Devil in the details

I am full of self-doubt.

Okay, let’s take a step back.

When I first start out writing a chapter, or even a paragraph, I have most of it laid out in my head or on a piece of paper or in EverNote so I can stay on task. And it’s awesome. Everything about that chapter or paragraph is amazing and wonderful and I want to rename my first born after it. It’s like that for a lot of pieces in my writing puzzle, and if it isn’t right the first time … I edit it to death until it’s perfect for the moment and I can move on to the next one.

Until I finish a project and edit the entire thing. Then I am a failure and everything sucks and I change my daughter’s name back to what we originally named her.

Right now, though, I’m stuck. I finished writing To Hold on Nov. 19 and still haven’t completed the first round of edits because 1) I haven’t had more than an hour at a time to sit and work and 2) every time I do sit and reread/edit I feel like everything I touch turns to shit. Absolute shit. I know it’s because I’ve read all of this book a dozen times already and since I’ve read it so many times it all sounds blah and passe and overdone.

Like an idiot I worry about what readers will think, what a blogger might think, what my best friend will think, how my mom will react (which is stupid because there’s way less sex in this than the first one and my mom is well accustomed to my use of the word “fuck”), how anyone who has ever been in an abusive relationship or therapy will react, how anyone who has ever tried to drink away a bad day will react to certain scenes, how anyone who has ever been in love will try to dissect the pace of this romantic adventure Stephanie and Max are put on.

This book is slow. This book is not wishy-washy, though. This book tries to make sense of one girl’s thoughts and feelings and inadequacies. She’s a runner (both literal and figurative) and she doesn’t just succumb to the wonderful ways Max treats her. She worries she’s not good enough. She worries she doesn’t measure up, a lot.

But so. Does. He. He isn’t perfect. (Nor is he an alpha, so let me just put that out there now before people get their hands on this book and bitch about how they like their heroes to always have the upper hand. Just … stop).

In 84,000 words I attempt to take two bitter, angry, and broken people and piece them back together. I give them to each other because one can make the other a better person. The fictional nature of their “being” or their relationship doesn’t matter. Sometimes we find the most strength in those who are most broken.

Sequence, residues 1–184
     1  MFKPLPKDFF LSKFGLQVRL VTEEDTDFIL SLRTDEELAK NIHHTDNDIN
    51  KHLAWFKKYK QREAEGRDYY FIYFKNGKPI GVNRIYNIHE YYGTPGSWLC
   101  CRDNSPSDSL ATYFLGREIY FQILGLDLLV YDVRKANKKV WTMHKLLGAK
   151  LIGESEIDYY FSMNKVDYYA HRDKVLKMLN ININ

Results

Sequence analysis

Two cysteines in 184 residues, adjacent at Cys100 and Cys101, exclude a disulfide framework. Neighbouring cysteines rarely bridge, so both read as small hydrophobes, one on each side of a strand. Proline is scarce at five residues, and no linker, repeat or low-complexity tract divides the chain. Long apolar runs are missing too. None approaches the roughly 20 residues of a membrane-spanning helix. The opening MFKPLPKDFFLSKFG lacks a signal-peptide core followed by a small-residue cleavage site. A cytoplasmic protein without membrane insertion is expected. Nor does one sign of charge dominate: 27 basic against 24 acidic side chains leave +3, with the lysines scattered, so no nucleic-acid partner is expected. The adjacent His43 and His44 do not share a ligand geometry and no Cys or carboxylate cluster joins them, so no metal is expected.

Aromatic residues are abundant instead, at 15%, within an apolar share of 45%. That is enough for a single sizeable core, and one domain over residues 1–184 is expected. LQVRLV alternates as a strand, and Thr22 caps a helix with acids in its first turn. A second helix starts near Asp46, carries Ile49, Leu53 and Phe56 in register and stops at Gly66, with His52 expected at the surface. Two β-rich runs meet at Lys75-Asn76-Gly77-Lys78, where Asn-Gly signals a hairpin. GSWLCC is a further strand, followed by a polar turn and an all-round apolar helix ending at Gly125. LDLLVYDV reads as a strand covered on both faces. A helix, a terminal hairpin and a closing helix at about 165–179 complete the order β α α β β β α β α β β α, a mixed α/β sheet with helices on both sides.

4 thoughts on “Devil in the details

  1. *HUGS* you should totally rename your daughter To Hold. think of the endorsement deals you could get after she’s done w/ her therapy! ; )
    seriously, tho, if you need a fresh set of eyes on it, let me know. i have author references as to my trustworthiness! and i promise to keep “gushing over everything” carrie and “editor mode” carrie somewhat balanced. πŸ˜€

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    • LOL I have a feeling Josie’s pretty attached to her name these days – she writes the entire thing on all the things she has to write her name on and many of the things she shouldn’t write on at all. πŸ™‚

      I absolutely love your offer and will keep you in mind. Shoot me an email so I don’t forget? (yeah, it’s that bad these days).

      Like

  2. Take a breath. This isn’t your first rodeo. It’s your second. It’s going to be different. But it’s likely readers will like that it’s different. They don’t want to read the same novel all over again. But even if they don’t, you’ll gain some new readers because they’ll enjoy your latest take on romance in a different way. Remember writing is supposed to be fun! πŸ™‚

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    • Fun. Yes. That’s what I’m attempting here …

      I definitely don’t want people to read the same novel over and over again, which is why I try not to subscribe to a formula when I write, so here’s hoping. πŸ™‚

      Like

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